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Software // Enterprise Applications
05:15 PM

Ford's Fix Could Send Help Desk Offshore

Project expands relationship with automaker's current outsourcer.

General Motors Corp. isn't the only troubled automaker looking to run a more-efficient IT shop. Under a new outsourcing deal, Ford Motor Co. is driving toward a more-simplified IT operation by centralizing key technology operations and aggressively adopting standards.

Members of TechTeam's Ford support group at the automaker's Allen Park, Mich., call center.

Members of TechTeam's Ford support group at the automaker's Allen Park, Mich., call center.
GM has embarked on an ambitious, highly publicized campaign to standardize the IT processes used between the company and technology partners such as EDS, Hewlett-Packard, and IBM, which all are competing for a chunk of $15 billion in services contracts GM will reveal in January. Tech officials at Ford have launched a smaller plan to work with IT-services company TechTeam Global Inc. to gain efficiencies in its help-desk operations.

In a three-year support contract it signed with TechTeam this month, worth $75 million to $90 million, Ford is looking to resolve remotely many routine problems the help desk handles, such as frozen applications. "We're creating a centralized 'super team' that will try and diagnose and correct problems without having to dispatch someone," says Irene White, Ford's manager for support services.

White hopes to achieve her goal by using help-desk-automation software that can be managed remotely from a central location. "Some of the tools are proprietary, some are off the shelf," she says, declining to detail the technology. The changes are happening at the same time as a big change in IT leadership: George Surdu, Ford's longtime director of IT services, retired last week and is being replaced by Mark Duhaime, the automaker's director of IT security.

Economic Imperative
The effort, which Ford has been piloting for a year and launched in full this month, extends throughout the company's worldwide operations. TechTeam devotes 350 to 450 staffers to Ford's desktop-support operations at any given time, many from a center in Dearborn, Mich., where Ford has its headquarters. If White's plan works, that number could be reduced, potentially saving Ford millions of dollars. TechTeam's fees are tied to the number of staff hours used to support Ford.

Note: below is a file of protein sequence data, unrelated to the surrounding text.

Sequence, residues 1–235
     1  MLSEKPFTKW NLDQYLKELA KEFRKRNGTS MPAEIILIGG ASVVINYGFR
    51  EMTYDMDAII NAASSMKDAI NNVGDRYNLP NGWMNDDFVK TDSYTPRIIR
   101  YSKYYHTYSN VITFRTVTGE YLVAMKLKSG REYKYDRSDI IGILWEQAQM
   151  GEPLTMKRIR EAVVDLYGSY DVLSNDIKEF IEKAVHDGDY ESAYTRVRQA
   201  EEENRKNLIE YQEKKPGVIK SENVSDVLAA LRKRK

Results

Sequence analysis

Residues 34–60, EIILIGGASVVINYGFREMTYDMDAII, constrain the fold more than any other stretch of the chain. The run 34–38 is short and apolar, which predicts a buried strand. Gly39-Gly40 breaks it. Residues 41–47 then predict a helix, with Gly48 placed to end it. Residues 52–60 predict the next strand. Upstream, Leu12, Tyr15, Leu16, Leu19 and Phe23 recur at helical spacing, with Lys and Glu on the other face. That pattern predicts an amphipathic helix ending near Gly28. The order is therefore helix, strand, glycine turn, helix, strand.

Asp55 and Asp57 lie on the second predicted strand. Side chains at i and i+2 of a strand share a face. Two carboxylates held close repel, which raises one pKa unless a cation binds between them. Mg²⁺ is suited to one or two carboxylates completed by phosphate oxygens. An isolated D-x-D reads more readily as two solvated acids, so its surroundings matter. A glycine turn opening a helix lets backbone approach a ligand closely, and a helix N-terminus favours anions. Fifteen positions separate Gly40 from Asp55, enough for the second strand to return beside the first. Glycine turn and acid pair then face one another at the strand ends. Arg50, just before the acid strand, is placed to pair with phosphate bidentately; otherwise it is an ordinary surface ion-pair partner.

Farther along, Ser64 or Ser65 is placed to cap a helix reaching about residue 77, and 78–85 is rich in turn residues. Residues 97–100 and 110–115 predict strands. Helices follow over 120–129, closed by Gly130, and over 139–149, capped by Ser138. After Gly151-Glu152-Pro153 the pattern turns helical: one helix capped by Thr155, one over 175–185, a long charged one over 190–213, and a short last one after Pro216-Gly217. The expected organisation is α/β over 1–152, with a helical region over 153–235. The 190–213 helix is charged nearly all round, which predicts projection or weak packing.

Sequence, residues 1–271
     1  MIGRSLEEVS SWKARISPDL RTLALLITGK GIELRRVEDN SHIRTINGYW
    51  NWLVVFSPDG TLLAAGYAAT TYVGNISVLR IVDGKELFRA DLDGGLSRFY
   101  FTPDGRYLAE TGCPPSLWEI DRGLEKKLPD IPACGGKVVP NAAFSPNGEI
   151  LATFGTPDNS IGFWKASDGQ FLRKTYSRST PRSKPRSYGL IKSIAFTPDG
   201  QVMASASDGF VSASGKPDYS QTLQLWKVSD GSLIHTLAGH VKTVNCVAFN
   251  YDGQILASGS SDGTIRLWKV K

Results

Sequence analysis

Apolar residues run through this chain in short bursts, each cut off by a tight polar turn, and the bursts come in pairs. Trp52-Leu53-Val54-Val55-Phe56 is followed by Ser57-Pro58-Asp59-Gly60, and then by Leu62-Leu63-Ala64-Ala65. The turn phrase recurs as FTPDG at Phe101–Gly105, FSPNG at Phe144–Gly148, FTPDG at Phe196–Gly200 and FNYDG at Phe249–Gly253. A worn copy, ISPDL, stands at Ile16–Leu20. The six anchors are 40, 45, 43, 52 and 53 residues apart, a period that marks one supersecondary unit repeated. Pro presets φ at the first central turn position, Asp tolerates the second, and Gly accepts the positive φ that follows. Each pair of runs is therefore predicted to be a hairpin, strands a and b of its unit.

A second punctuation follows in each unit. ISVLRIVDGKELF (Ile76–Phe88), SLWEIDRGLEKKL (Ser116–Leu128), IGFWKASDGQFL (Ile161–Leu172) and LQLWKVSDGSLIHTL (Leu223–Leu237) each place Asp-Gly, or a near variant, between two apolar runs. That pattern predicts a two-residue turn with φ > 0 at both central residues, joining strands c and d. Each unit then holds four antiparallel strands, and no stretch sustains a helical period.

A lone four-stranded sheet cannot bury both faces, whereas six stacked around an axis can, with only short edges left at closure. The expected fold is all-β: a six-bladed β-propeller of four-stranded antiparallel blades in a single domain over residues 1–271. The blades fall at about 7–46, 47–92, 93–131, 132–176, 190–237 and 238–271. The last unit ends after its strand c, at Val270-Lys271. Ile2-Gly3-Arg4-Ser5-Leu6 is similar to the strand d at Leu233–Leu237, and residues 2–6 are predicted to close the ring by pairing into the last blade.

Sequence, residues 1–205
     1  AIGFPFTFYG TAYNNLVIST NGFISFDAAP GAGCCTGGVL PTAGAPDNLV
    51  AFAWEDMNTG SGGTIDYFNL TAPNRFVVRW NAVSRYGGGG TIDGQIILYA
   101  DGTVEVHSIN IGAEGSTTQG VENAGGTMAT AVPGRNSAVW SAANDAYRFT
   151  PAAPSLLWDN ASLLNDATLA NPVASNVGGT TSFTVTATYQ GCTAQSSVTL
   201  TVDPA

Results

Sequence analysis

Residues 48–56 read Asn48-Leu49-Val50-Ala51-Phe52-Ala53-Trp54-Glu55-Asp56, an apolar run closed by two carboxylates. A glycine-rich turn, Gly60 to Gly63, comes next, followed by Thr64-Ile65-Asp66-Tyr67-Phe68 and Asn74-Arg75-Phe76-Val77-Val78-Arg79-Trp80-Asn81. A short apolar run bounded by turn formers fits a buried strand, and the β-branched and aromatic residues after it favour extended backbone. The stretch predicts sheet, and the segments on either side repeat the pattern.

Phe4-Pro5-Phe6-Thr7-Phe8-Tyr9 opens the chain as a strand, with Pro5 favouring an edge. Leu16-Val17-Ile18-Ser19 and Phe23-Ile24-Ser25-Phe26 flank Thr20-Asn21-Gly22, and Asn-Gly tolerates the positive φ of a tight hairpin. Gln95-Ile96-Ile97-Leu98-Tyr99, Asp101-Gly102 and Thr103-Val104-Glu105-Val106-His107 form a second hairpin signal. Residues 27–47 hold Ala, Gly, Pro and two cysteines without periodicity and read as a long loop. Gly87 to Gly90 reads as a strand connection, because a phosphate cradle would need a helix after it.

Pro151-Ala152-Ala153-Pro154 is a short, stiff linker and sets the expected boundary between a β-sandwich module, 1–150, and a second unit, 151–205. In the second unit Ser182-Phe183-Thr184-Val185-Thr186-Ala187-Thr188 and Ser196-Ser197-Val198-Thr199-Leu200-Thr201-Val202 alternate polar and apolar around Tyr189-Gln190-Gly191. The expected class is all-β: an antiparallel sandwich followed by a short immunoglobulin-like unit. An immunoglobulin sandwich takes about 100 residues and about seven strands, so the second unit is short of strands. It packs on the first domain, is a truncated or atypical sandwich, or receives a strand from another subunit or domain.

Ford needs to cut costs wherever it can. In its most recent quarter, the company's North American auto operations lost $1.2 billion pretax. And, like GM, it's struggling with health-care costs, foreign competition, and consumers' waning taste for gas-guzzling SUVs.

Ford's next possible step toward reducing help-desk costs: offshoring. "Anything you can centralize becomes a candidate for offshore savings," White says. Ford is evaluating a new TechTeam-operated support center in Bucharest, Romania, as a possible home for its desktop-support operations.

The decision will hinge on evaluating potential cost savings, quality, and whether TechTeam can meet its service-level agreements from an offshore site, White says. TechTeam sales and marketing VP James Hoen says Eastern Europe offers low costs and also a multilingual workforce, "something you typically don't find in India," where English is the main business language.

Under the new contract, which extends a previous relationship with Ford, TechTeam is being asked to handle a bigger chunk of car company's global help-desk operations. The deal adds TechTeam support functions to Ford's Jaguar, Land Rover, and Aston Martin divisions. It's part of a companywide effort to defragment and standardize operations, White says. Aggressive use of industry standards, such as the Information Technology Infrastructure Library in Ford's IT operations, also is part of the program.

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